By Rémy Rotenier
When a customer tells you they want a square-shaped stone, how do you know the specific gemstone cut they’re referencing? There are a number of cuts that a customer could possibly be describing. Princess? Emerald? Radiant? You could try describing the patterns and effects of different stone cuts, but I’ve found that to be a quasi-impossible task.
Luckily, when I was a young (and shy) designer, I realized that drawing could save me a lot of time, effort, and words as my sketches made for wonderful visual aids. Freehand jewelry design is a great communication tool, so when someone says they like “squarish, maybe rectangular” stones, you can quickly show them the difference and identify what they mean.
Here, I will demonstrate how easy it is to quickly sketch emerald, radiant, and princess cut stones for comparison. You’ll notice some similarities in the methods used to draw each cut, so to make sure the differences between the cuts are clear, always draw with the light for each sketch coming from the left at 45 degrees and hitting each of the stones at about the same place. To try this yourself, you’ll need 0.3 and 0.5 mm HB mechanical pencils, an eraser, a couple of rolled paper stumps for blending, some copy paper, and a see-through plastic inch/ metric ruler.
1. Let’s begin with an emerald cut stone. (I recommend drawing all three cuts in one straight line as it will help the client better see the differences between them.) To center the stone, draw a vertical line 11 cm from the left side of the paper. Draw the gem’s outline as a 26 x 20 mm rectangle with cut corners. Next, draw the table. Since it is the largest facet of the stone, it is an important guide for the rest of the process.
2. At each of the four corners, draw a triangle from the outline toward the center line. These will define the culet of the stone. Erase the vertical lines above, through, and right below the stone.
3. Add the crown facets evenly between the table and outside edge of the stone.
4. Select one facet as the highlight on the edge of the table; this facet will stay white. Shade the facets on either side of the highlight light gray; these are the lowlights. This indicates that light is present in the area but not as bright as the highlight.
5. Placing dark tones right next to the light ones makes stones look transparent and sparkly. Add some medium gray values around the highlight of the crown facets as well as inside the pavilion. Then add more gray values around the right side of the table (forming a reversed L shape).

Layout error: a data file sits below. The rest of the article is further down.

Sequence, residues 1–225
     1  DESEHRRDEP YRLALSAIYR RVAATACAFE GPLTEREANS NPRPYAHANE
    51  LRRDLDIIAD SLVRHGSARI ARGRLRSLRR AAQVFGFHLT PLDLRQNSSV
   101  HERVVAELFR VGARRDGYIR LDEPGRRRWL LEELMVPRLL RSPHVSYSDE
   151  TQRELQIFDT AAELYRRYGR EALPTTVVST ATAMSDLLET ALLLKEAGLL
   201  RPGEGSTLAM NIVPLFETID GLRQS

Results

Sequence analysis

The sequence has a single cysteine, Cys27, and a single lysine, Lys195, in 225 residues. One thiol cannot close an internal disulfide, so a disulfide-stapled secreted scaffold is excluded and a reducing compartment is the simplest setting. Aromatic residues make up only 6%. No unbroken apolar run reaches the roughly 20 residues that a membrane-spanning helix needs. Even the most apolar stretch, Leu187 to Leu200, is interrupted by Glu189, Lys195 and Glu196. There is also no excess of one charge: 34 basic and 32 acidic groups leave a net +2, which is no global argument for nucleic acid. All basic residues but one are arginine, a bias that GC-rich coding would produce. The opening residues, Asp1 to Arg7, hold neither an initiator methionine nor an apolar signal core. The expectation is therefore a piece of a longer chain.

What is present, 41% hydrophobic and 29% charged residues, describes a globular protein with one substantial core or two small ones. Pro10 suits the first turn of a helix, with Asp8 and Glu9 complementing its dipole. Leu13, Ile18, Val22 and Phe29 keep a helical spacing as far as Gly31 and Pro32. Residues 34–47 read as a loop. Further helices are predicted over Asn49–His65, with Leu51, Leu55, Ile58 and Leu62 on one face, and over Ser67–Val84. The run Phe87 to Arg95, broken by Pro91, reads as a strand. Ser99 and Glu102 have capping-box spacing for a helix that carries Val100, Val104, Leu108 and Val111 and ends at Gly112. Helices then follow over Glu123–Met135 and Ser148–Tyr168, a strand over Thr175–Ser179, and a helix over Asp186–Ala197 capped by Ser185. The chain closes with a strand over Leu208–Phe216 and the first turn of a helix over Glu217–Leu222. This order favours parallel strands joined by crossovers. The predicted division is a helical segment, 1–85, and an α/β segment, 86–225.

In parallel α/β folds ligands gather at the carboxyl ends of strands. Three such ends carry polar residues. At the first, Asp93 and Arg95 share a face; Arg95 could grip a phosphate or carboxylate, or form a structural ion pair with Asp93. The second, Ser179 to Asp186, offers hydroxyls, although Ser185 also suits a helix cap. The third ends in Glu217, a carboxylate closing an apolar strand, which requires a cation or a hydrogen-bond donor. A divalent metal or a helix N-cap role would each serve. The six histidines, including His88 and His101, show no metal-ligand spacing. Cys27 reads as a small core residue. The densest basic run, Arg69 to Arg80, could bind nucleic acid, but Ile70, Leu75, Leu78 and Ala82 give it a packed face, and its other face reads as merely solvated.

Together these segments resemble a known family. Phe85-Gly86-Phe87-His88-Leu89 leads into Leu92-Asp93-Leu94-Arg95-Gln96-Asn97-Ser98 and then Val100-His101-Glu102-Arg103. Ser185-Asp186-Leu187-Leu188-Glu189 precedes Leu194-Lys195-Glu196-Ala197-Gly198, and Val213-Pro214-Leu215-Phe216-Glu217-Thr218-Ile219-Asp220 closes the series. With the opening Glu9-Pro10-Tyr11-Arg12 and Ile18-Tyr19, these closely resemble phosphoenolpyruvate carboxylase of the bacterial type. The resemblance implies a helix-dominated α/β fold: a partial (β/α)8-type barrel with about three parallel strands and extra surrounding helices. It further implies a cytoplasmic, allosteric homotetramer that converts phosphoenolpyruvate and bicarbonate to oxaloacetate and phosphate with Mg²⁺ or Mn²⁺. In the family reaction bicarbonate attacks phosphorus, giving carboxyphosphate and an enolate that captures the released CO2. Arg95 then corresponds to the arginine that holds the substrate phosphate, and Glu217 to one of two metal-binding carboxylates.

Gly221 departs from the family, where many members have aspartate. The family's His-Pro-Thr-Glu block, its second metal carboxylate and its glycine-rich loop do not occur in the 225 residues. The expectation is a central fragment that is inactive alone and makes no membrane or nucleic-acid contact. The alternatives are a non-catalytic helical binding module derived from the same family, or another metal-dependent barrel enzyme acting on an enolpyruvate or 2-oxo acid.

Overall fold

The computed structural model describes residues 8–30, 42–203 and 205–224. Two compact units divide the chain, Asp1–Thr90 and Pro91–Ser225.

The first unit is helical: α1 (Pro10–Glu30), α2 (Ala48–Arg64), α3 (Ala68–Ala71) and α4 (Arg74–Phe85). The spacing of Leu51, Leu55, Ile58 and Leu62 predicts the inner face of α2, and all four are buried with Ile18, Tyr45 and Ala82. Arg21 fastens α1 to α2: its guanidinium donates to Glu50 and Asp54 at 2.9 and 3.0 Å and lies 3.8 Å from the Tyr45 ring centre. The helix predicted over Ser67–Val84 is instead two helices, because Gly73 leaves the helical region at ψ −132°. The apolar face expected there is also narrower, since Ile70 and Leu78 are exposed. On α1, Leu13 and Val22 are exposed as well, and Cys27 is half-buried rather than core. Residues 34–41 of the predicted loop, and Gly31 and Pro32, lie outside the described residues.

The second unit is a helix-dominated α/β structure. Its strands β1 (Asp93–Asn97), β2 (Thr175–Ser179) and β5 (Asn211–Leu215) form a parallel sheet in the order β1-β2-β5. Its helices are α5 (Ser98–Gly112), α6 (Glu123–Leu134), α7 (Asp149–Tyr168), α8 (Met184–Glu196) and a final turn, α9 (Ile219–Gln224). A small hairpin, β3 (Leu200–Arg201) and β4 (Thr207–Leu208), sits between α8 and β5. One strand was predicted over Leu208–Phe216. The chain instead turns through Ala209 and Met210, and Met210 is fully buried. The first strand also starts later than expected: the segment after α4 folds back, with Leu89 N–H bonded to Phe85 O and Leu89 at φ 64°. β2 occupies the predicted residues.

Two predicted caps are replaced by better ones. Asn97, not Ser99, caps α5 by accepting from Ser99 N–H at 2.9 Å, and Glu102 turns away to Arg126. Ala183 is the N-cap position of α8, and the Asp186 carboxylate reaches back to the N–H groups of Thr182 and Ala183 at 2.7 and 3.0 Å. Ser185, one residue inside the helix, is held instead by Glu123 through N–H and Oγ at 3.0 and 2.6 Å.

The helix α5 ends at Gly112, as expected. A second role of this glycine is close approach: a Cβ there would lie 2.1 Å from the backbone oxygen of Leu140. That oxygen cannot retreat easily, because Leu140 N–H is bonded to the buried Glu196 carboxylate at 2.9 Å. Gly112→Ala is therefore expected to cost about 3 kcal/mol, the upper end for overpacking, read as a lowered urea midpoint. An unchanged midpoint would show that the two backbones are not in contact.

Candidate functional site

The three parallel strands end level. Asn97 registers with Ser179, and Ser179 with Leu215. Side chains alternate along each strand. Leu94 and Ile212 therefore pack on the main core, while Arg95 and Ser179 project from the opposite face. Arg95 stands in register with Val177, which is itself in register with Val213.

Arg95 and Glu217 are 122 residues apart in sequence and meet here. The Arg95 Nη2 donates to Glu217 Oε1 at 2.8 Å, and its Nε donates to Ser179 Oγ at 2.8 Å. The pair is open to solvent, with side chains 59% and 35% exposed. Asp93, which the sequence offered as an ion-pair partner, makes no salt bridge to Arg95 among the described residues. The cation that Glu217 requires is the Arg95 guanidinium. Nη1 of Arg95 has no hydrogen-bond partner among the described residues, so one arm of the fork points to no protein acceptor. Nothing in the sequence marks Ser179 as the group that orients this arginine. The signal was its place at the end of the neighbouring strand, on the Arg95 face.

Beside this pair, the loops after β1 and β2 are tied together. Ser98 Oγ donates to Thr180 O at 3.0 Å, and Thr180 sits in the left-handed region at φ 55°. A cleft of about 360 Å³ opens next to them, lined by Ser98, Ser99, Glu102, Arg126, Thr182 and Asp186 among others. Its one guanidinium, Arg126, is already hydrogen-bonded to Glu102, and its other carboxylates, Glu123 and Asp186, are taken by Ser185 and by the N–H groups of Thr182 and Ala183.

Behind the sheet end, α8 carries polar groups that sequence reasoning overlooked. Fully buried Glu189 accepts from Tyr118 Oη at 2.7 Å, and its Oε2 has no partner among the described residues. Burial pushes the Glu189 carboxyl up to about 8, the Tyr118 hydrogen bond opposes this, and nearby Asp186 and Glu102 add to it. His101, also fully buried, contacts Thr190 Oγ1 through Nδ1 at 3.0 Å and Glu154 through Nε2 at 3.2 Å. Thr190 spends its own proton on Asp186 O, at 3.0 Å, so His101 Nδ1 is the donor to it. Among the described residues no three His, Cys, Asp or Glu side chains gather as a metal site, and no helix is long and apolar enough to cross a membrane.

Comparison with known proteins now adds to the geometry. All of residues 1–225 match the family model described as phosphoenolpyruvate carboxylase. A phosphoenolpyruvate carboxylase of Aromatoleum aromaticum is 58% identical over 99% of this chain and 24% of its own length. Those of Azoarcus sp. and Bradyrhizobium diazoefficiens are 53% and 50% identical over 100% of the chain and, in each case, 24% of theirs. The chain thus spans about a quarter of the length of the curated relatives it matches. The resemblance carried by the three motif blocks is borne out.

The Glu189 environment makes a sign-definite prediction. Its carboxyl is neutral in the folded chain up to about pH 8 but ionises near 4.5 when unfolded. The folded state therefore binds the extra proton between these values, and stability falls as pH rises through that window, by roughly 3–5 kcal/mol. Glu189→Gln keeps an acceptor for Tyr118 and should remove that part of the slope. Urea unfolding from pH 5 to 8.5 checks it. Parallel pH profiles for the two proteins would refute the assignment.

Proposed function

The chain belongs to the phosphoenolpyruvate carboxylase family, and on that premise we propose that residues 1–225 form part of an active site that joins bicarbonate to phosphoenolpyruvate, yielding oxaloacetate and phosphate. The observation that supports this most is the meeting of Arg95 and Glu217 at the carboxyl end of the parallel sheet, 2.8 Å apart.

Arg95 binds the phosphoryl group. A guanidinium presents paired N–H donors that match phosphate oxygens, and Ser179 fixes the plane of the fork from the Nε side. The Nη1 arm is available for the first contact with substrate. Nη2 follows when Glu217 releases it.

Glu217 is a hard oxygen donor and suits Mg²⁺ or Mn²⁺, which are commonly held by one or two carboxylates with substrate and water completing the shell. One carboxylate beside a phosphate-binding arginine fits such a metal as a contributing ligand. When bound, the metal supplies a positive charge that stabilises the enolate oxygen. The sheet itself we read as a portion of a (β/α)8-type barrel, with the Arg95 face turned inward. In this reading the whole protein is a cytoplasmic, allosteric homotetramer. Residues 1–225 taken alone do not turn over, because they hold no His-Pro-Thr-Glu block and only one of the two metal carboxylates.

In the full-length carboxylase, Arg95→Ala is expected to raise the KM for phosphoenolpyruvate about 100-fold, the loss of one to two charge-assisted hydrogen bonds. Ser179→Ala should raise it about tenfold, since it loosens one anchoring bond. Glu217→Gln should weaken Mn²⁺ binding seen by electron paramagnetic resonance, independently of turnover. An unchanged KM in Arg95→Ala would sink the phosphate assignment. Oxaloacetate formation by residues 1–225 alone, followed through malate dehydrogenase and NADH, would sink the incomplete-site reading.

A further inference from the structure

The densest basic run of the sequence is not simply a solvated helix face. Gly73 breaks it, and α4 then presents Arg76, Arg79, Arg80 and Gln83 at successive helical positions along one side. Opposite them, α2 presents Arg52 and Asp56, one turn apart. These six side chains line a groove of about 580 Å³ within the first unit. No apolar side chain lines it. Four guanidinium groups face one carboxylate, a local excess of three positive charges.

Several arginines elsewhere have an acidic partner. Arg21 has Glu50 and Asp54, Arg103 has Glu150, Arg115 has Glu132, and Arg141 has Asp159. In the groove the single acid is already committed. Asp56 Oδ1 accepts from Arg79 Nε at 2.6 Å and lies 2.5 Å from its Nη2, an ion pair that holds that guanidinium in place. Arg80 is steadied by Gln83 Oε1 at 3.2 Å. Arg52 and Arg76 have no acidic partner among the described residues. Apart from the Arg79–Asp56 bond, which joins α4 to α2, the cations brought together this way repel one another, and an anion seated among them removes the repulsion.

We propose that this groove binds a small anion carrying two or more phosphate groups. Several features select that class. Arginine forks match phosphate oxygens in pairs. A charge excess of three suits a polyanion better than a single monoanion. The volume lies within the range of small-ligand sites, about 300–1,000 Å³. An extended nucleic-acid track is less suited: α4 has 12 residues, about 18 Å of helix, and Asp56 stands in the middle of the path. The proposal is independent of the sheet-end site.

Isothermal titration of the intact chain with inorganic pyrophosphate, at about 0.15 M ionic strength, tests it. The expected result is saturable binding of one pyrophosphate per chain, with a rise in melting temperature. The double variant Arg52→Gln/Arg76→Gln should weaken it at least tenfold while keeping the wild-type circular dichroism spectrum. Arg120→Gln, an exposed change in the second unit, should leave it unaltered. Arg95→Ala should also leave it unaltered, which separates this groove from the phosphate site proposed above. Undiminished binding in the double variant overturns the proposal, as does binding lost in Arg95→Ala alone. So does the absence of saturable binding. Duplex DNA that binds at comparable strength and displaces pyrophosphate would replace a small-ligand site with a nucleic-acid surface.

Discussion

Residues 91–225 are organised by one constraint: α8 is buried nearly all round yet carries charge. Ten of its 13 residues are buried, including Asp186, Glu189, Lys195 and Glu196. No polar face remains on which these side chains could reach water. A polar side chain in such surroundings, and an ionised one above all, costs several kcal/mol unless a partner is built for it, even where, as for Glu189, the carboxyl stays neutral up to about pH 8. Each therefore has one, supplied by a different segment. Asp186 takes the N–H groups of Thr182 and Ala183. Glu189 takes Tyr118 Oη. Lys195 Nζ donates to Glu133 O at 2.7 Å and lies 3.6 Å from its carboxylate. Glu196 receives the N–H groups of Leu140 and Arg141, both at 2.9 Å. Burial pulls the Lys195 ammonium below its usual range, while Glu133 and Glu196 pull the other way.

6. Finally, jazz it up. Add the darkest values to accentuate the form and make the sparkle stand out. The contrasts be-tween values are what make the gem scintillate.
7. To create a radiant cut, draw the same outline as the emerald cut: a 26 x 20 mm rectangle with cut corners. This time, make the table an octagon shape that is centered on the meridian points: north, south, east, and west.
8. Add four triangles from the corners to the edges of the table.
9. Draw long triangular star facets at the four corners of the table. Next, add a straight line between the tips of the octagon and the middle of each side of the triangle.
10. Lightly draw a four-point star in the center of the table; this represents the pavilion underneath the stone. On the top of the stone, select the highlighted facet and leave it white. On either side of the highlight, shade in the lowlight facets with a light gray.
11. As we did with the emerald cut, add some medium gray values around the highlight of the crown facets as well as inside the pavilion. Also, add more grays around the right side of the table in a similar reversed L shape.
12. Now it’s time to have fun! Bring the stone to life with strong dark values and white accents.
13. To create a princess cut, draw a 26 mm square and then center a much lighter 16 mm square inside the stone, indicating the table facets. Note that the table is rather large in princess cuts.
14. Along the top and bottom of the interior square, add a shallow X shape using the interior square as a guide.
15. Next, connect the Xs so they look like two slightly rotated squares. These are the star facets.
16. Erase the original lighter interior square, leaving only the two crossed squares.
17. Add lines running from the outside corners of the star facets to the corners of the outside square. As we did with the radiant cut, draw a straight line connecting the outside corners of the star facets. Next, lightly draw a four-point star in the center of the table. It represents the pavilion as seen from the top.
18. Select the highlighted facet and leave it white. On either side of it, use light gray to create the lowlight facets.
19. Just like for the emerald and radiant cuts, draw some medium gray values around the highlight of the crown facets as well as inside the pavilion. Add some additional gray values around the right side of the table, forming a reversed L shape.
20. Now the princess needs to wake up. Add some dark grays and balance them with white pinpoints (using your eraser) and reflections. Finally, once your customer selects the square-shaped cut they like best, the design fun can begin!